Facebook Can’t Duck Class Action Over Facial Data

SAN FRANCISCO (CN) — Facebook can’t duck claims that it violated users’ privacy by analyzing and storing data on facial features from uploaded photos, a federal judge has ruled.
Three plaintiffs from the Chicago area — Nimash Patel, Adam Pezen and Carlo Licata — filed separate suits against the social media giant in Illinois last year. The cases were combined and transferred to the Northern District of California this past summer.
The three men say Facebook’s “Photo Tag Suggest” function, which uses facial recognition software to analyze and collect facial geometry data, violates Illinois Biometric Information Privacy Act (BIPA).
The Illinois law, enacted in 2008, prohibits collecting or disclosing biometric data, such as an iris or retina scan, fingerprint, voiceprint, hand scan or facial geometry, without a person’s permission.
In a May 5 ruling, U.S. District Judge James Donato refused to dismiss the class action, finding the plaintiffs plausibly alleged that Facebook had analyzed and stored their facial data without their blessing.
“The court accepts as true plaintiffs’ allegations that Facbeook’s face recognition technology involves a scan of face geometry that was done without plaintiffs’ consent,” Donato wrote in his 22-page ruling.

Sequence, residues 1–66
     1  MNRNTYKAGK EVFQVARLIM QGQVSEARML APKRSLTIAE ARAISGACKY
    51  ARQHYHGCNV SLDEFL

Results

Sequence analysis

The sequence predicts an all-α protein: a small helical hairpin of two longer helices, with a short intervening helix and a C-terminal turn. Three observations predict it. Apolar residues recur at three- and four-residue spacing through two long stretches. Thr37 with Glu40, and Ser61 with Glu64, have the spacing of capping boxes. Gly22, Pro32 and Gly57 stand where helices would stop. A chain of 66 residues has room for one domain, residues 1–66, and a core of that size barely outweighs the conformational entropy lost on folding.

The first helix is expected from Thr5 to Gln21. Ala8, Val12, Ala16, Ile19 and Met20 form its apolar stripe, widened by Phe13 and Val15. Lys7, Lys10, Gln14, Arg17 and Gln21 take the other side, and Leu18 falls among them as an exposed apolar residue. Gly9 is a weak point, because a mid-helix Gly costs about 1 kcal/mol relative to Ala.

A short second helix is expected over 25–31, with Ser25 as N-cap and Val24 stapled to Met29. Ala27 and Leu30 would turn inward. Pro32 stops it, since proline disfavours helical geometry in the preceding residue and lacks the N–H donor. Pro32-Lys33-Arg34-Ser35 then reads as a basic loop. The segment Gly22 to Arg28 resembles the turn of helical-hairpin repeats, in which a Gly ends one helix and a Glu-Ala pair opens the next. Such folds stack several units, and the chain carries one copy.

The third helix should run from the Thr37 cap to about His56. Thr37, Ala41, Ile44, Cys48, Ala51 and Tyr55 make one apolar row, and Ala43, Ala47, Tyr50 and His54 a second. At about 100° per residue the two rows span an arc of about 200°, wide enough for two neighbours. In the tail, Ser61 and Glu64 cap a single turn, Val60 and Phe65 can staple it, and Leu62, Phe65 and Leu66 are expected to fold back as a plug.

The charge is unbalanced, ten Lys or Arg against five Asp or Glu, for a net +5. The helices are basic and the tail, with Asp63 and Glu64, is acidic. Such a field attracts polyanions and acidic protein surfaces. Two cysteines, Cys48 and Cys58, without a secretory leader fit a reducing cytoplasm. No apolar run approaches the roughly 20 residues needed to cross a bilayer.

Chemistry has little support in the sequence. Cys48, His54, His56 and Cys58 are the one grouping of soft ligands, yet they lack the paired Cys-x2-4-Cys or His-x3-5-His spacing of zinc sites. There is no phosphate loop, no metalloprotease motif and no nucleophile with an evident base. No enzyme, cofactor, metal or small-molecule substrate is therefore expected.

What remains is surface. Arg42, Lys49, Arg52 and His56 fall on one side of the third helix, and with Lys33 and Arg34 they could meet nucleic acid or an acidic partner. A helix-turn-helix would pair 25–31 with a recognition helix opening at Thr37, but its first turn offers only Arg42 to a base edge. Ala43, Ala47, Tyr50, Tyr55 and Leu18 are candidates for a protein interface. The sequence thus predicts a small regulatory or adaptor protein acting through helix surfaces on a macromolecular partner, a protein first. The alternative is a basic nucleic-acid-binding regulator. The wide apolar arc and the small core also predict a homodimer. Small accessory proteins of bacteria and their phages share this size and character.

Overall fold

Facebook had argued the Illinois law specifically excluded photos, along with writing samples, signatures and physical descriptors like height and weight, as items that do not qualify as biometric information.
However, the judge found the facial geometry of individuals derived from photo scans is considered a piece of biometric data under BIPA.
The judge cited a 2015 Northern District of Illinois ruling, Norberg v. Shutterfly, which denied a motion to dismiss based on the same argument that BIPA excludes biometric identifiers obtained from photographs.
Donato also rejected Facebook’s request to have California law, rather than Illinois law, govern the class action claims.
The judge found that all three men had agreed to Facebook’s terms of use, which require claims against it be governed by California law. However, enforcing that provision would hamper Illinois’ interests in protecting its citizens’ privacy rights, Donato concluded.
Factors for deciding choice of law weighed more heavily toward Illinois, in part because California lacks a similar privacy law, Donato found.
Attorneys Paul Gellar and Shawn Williams of Robins Gellar Rudman & Dowd in San Francisco and Boca Raton, Florida, did not immediately return phone calls seeking comment Thursday morning.
Facebook did not immediately respond to an emailed request for comment Thursday.
. Android phone users filed a similar lawsuit in March, accusing Google of extracting biometric data from pictures uploaded to its cloud-based photo service.

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